Saturday, September 25, 2010

Uncle Sam: King of the Guarantor World

Two years after the financial crisis, the federal government guaranteed $30 to $35 billion in bonds to save credit unions.  WSJ reported:

Regulators announced Friday a rescue and revamping of the nation's wholesale credit union system, underpinned by a federal guarantee valued at $30 billion or more.

Friday's moves include the seizure of three wholesale credit unions, plus an unusual plan by government officials to manage $50 billion of troubled assets inherited from failed institutions. To help fund the rescue, the National Credit Union Administration plans to issue $30 billion to $35 billion in government-guaranteed bonds, backed by the shaky mortgage-related assets.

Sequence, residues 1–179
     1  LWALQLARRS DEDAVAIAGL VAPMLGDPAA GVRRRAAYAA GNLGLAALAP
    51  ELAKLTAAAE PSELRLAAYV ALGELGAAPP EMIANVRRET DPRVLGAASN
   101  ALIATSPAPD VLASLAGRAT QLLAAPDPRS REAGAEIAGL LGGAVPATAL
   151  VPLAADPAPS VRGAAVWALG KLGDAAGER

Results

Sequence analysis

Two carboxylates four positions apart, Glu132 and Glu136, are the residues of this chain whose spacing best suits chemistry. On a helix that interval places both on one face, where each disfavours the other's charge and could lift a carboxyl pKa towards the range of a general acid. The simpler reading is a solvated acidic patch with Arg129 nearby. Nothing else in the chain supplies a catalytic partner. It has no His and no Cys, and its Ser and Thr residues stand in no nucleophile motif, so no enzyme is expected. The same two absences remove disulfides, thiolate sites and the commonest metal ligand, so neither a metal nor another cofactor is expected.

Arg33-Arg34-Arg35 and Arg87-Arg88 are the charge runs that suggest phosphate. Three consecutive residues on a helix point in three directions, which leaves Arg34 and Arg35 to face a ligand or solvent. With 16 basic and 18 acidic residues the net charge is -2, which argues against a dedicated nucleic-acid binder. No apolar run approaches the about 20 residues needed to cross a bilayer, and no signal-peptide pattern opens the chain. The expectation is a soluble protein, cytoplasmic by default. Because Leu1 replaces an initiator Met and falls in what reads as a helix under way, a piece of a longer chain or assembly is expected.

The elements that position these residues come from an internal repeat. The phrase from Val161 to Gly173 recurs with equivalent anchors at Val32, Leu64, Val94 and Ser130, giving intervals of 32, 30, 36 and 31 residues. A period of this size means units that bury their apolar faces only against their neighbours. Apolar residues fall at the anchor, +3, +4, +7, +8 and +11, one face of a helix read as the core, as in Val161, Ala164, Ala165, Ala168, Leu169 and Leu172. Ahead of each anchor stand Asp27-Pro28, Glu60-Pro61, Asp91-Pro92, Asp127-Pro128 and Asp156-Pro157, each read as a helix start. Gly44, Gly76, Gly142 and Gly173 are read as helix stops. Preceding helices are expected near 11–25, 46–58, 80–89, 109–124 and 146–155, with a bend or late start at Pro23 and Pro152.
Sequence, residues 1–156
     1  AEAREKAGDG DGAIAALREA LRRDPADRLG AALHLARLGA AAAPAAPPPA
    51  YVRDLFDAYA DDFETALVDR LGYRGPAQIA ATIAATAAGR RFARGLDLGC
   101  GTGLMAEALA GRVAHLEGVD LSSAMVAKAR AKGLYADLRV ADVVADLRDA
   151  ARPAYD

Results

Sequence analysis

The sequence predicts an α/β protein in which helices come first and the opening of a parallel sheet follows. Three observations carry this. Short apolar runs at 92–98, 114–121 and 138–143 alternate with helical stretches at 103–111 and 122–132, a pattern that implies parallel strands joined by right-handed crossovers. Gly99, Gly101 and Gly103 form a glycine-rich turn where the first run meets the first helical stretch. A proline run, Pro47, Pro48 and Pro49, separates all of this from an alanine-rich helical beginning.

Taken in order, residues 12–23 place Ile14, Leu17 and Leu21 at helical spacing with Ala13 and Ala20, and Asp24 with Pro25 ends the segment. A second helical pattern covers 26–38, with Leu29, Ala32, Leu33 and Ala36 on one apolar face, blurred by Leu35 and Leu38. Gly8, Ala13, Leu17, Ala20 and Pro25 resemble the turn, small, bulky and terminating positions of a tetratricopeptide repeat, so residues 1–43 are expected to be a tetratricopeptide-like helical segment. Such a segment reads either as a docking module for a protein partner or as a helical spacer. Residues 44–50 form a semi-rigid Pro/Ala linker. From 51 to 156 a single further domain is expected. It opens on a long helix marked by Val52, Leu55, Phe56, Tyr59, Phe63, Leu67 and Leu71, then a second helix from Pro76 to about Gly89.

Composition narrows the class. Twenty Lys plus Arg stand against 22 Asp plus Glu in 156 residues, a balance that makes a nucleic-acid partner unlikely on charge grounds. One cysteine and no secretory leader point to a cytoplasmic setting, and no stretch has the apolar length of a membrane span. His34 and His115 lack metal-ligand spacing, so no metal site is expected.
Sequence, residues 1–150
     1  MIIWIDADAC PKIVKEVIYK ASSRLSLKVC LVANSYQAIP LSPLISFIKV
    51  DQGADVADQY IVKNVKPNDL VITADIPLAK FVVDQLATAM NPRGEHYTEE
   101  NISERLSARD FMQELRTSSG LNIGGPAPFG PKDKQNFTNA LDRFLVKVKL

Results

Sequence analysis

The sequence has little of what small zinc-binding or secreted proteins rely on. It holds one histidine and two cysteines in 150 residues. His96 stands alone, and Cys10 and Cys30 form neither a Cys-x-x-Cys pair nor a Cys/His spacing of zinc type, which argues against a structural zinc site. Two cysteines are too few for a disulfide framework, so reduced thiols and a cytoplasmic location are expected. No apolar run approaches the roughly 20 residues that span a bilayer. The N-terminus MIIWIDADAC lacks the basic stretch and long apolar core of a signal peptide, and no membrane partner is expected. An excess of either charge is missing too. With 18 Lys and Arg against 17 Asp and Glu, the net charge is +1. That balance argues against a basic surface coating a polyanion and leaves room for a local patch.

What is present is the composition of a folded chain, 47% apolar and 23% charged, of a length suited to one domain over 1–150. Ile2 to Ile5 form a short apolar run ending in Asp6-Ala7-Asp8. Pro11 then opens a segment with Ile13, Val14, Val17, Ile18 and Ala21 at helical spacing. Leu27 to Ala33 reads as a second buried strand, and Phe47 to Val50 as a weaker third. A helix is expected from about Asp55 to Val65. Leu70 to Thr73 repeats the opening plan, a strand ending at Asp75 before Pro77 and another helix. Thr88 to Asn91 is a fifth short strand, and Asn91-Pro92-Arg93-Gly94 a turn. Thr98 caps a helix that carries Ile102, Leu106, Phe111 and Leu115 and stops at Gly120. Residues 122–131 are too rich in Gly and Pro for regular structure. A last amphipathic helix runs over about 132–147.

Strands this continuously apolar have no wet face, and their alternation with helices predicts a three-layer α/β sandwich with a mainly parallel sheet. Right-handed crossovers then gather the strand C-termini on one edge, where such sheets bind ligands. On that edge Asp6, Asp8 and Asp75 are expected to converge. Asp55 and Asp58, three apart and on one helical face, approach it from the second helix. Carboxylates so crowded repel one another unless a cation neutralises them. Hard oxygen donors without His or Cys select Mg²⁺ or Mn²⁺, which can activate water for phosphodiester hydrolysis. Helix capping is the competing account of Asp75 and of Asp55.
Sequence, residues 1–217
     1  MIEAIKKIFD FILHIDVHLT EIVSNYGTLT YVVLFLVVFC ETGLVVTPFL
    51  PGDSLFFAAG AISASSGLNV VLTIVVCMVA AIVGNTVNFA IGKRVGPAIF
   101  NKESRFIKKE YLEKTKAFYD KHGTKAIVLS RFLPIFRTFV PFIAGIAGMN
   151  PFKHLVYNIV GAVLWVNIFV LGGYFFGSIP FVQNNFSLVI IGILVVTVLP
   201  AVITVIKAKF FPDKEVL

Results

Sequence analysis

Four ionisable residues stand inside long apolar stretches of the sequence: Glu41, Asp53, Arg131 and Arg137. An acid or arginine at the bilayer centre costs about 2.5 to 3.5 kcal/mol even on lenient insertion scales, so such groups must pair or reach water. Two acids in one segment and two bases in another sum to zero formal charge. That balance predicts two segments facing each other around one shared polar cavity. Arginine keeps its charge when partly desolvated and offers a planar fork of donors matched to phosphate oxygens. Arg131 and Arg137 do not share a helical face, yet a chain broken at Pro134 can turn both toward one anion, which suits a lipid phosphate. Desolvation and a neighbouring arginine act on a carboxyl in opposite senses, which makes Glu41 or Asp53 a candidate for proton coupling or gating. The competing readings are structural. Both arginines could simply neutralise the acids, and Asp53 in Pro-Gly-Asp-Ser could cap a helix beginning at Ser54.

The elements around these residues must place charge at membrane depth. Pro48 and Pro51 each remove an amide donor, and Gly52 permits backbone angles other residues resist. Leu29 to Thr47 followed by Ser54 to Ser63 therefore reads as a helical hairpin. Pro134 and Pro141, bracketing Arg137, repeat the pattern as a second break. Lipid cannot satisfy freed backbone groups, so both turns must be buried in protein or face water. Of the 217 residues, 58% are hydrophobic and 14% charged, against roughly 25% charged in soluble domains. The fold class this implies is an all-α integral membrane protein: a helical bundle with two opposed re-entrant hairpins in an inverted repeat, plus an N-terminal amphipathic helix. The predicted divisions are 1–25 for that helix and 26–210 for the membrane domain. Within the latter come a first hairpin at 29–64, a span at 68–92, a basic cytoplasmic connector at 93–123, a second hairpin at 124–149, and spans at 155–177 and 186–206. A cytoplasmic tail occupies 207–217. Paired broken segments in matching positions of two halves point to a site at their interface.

Backed by shaky mortgage-related assets?  Which of $3.7 trillion in government programs was supposed to help with mortgage related assets, TARP, PPIP, HAMP or any other acronym jumble?   Here's the federal take:

"Previously, we stabilized the system, and now we're resolving the problem and reforming the system," said Debbie Matz, chairman of the National Credit Union Administration, the U.S. agency overseeing credit unions.

Nice try, Debbie.  Fifty billion in troubled assets, it sounds like we're still at the stabilization phase. Uncle Sam might be the only functioning lender, given $30 billion for credit unions, another $30 billion for small businesses, and $50 billion in GM.  This is while banks fail at a record rate.  It remains to be seen if the program costs taxpayers anything.